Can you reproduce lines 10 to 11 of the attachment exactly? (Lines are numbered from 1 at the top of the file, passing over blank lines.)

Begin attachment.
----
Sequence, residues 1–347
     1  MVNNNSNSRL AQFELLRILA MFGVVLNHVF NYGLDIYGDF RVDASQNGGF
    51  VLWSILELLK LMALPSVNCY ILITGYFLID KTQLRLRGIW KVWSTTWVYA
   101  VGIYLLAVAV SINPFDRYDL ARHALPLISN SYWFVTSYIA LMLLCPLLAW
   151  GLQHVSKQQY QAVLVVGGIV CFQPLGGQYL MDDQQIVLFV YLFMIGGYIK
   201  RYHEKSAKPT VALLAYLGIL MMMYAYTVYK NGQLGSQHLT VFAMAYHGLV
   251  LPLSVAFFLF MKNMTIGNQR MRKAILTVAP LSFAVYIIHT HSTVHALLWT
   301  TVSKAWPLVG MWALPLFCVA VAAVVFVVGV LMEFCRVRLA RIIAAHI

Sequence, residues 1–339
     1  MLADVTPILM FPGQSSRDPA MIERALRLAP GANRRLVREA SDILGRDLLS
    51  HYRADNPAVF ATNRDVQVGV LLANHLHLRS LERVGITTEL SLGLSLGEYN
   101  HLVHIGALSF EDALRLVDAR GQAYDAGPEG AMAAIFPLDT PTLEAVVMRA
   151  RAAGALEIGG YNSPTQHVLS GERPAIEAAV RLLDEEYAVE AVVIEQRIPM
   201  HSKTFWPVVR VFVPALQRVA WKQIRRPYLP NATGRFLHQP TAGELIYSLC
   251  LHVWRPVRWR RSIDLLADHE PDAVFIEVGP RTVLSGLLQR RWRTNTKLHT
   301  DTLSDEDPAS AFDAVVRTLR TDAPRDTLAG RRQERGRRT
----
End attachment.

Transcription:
     1  MLADVTPILM FPGQSSRDPA MIERALRLAP GANRRLVREA SDILGRDLLS
    51  HYRADNPAVF ATNRDVQVGV LLANHLHLRS LERVGITTEL SLGLSLGEYN